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Tuolumne River Dana Fork Lyell Fork Merced River South Fork

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Tuolumne River

The Tuolumne River has it's beginning in Tuolumne Meadow.  At an elevation of approximately 8600 ft., it is the largest sub-alpine meadow in the Sierra Nevada. The Tuolumne River is hidden within the tall grasses of Tuolumne Meadows.  Rainbows, Brookies, and Brown Trout inhabit this section of the river.  With the Brown Trout going up to approximately 14 inches.  Dry Fly Fishing is the best technique and most fun method in the meadow section. If the fish are not spooked they'll readily except most standard dry flies. (size 16" - 22") Matching the hatch is not necessary here, but at times the fish will become selective when there is a good hatch in progress. In the evenings, starting in June and running through early October, the fish will key on the pale morning dun hatch. Small yellow stoneflies (yellow salley's) also show themselves at this time of year. Several different species of caddisflies also inhabit this section of the river and can generate alot of activity in the evenings.

Yellow Salleys Pale Morning Dun (PMD)
Yellow Salleys
Pale Morning Dun (PMD)
Streams and rivers of the Yosemite Region
Streams and rivers of the Yosemite Region
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Dana Fork

The Dana and Lyell Forks converge to form the main Tuolumne river. Dana Fork waters originate from 13,100' Mount Dana.  The Dana Fork is very accesible as Highway 120 runs right along side its entire course from its head waters at Tioga Pass to its confluence  with the Lyell Fork.  Rainbow, Brook and Brown Trout are present throughout the entire course, with the Browns being the most numerous, sometimes reaching a foot in length.

Brown Trout
Lyell Fork

The Lyell Fork originates near 13,115' Mount Lyell, and flows 10 miles downstream through Lyell Canyon and there meets the Dana Fork, to form the Tuolumne River. There is no road access here, except at the lower end, but the river is accessible via the PCT (John Muir Trail) which runs its entire length. Although the trail is highly travelled very few are there to fish. The Lyell Fork has a healthy population of Wild Trout with the Brown's being more numerous in the lower section and more Brook Trout found towards the head waters. The Rainbow's are spread out and usually located in the faster moving sections. The Lyell Fork offers fantastic dry fly action, with a good presentation the fish will rise to most of your attractor patterns (14" - 20") such as humpies, elkhair caddis, adams and royal wulffs. Again, stealth is key here as opposed to matching the hatch.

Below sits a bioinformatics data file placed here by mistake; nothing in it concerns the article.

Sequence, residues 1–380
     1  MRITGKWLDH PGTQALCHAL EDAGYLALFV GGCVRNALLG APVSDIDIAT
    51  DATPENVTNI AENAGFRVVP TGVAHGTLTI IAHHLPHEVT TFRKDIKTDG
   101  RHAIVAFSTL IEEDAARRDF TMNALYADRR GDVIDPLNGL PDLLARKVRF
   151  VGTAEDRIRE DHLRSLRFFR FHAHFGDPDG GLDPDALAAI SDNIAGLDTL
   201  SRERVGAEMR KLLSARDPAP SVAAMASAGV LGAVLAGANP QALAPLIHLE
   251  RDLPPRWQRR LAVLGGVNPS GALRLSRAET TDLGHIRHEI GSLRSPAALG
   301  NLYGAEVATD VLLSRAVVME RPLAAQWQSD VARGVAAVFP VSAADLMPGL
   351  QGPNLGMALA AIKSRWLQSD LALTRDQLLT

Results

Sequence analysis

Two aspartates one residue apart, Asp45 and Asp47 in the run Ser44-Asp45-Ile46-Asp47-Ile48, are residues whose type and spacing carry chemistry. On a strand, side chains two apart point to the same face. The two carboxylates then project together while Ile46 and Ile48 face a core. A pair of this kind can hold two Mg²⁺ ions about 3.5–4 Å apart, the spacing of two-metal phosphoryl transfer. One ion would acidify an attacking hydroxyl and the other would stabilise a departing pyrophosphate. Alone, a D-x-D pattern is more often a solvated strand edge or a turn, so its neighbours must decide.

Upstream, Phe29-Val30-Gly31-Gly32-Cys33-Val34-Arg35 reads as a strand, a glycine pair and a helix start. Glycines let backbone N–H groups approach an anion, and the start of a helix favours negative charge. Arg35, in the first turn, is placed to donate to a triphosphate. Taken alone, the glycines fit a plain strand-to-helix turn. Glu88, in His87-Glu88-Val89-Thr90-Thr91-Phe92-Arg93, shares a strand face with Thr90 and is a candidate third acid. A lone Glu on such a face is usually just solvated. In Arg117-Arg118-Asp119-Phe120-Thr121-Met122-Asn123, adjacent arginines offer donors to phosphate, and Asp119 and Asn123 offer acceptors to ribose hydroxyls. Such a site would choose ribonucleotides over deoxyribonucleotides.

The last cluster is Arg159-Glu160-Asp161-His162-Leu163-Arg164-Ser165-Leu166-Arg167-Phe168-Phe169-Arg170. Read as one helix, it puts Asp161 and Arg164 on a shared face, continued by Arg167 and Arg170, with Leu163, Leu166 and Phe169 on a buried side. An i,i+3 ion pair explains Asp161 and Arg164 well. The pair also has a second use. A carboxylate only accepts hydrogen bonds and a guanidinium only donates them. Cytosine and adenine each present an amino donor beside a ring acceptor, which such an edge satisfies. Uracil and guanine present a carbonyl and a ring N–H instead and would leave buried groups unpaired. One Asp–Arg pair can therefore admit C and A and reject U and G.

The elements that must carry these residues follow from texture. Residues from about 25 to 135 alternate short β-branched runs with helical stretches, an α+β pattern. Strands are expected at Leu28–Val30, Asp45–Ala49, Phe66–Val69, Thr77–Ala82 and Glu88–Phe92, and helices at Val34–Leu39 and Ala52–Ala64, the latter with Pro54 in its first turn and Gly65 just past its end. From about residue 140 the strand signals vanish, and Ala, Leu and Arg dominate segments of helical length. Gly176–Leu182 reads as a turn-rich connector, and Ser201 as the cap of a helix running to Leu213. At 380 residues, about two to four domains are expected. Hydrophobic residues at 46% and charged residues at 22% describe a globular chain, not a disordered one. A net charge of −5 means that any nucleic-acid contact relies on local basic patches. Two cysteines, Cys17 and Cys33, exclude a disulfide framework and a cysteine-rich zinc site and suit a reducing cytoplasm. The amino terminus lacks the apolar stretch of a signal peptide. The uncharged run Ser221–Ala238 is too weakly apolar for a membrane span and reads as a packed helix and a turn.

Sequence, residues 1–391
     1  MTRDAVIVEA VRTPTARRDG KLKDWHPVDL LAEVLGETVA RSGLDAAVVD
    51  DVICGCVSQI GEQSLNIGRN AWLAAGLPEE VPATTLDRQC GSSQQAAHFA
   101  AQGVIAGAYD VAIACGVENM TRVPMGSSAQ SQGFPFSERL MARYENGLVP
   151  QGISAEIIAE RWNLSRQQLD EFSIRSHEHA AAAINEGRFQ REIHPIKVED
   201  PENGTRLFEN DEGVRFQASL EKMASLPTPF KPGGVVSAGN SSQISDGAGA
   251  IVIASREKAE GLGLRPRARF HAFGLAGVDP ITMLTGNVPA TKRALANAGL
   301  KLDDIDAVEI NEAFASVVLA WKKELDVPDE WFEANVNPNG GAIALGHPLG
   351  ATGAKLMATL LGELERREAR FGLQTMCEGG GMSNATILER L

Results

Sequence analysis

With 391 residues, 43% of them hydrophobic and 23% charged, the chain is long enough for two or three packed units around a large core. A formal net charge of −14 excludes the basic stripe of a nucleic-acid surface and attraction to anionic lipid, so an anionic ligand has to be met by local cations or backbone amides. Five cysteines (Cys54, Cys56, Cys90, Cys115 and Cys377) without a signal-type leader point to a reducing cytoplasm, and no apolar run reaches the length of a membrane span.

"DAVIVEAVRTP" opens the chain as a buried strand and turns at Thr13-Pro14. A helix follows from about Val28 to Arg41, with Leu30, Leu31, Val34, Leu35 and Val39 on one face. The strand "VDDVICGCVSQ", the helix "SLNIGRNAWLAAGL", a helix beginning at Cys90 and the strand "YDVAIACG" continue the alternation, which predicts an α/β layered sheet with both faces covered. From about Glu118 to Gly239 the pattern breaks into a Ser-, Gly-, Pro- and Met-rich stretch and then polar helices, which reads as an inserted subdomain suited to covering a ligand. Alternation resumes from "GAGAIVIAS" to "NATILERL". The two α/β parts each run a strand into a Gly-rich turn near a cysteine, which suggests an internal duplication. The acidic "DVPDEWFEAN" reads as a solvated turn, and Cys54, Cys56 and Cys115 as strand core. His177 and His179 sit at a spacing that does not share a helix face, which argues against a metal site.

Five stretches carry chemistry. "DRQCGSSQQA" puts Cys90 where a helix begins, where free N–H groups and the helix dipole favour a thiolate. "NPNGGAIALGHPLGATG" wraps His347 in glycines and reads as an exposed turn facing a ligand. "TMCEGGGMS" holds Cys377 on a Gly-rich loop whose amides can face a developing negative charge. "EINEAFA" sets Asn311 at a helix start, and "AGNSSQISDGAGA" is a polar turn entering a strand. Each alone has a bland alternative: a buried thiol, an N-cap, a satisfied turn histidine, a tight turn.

Big catch to end a great day.
Yellow Humpies Elkhair Caddis Adams Royal Wullfs
Yellow Humpies
Elkhair Caddis
Adams
Royal Wullf

Merced River - Inside Park

BWO The Merced River is the most well known river in Yosemite, as this is the river that flows through Yosemite Valley. Yosemite Valley is one of the most picturesque places on earth and has much to offer any Fly Fisherman. The vast majority of my experience has been downstream from Yosemite Valley, where the river changes from long slow moving pools to pocket water and deep runs for a mile or so before heading down the Merced gorge. The gorge is roughly 8 miles long and though Hwy. 140 runs parallel with the river, there are very few turnouts. Where there is access the canyon walls are very steep and rocky. Upon reaching the water the going is anything but easy. Huge boulders and log jams litter the river bottom. I like to wet wade this section starting in late June or early July, after the runoff waters recede. I have fished this area numerous times and have very rarely ever seen another fly fisherman. The catch here will usually run 3 to 1 Rainbows to Browns. Hatches will include small BWO's (fly shown above) during warm days in late January and February. And the first Golden Stone Flies will appear in February also. With the days of February growing longer the water will start to warm and we will start getting our first decent action of the year.

Half Dome, Yosemite
South Fork - Merced River

Golden Stone The South Fork of the Merced is the first water encountered upon entering the park from the southern entrance. The South Forks originates in the "Chain Lakes" area and then flows 30 miles East to West, to its confluence with the main Fork. The most accessible area is located in Wawona with Highway 41  following the river downstream for a couple miles and access roads on both sides of the river heading upstream for a few miles. The road on the South side of the river will lead you to the "Swinging Bridge" area. Here there is a trail heading up a mile or so before dissappearing into the South Fork canyon. There is a large trout population in the South Fork. However, they only average around 6 inches. In the Wawona area the trout are all Rainbows and Browns, which give way to Brook trout in the higher reaches. The South Fork is not a very fertile stream but there are some early season Stone Flies (size 14 - 16) (fly shown above), and different Mayfly hatches after the spring  runoff recedes. The fish are not very selective, but will get spooky when the water gets very low in the fall. This is a great place for the beginning fly fisherman in the late spring and early summer.

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South fork Rainbow trout


Sierra Fly Fisher Tours
(559) 683-7664 | email
PO Box 631, Bass Lake, California 93604

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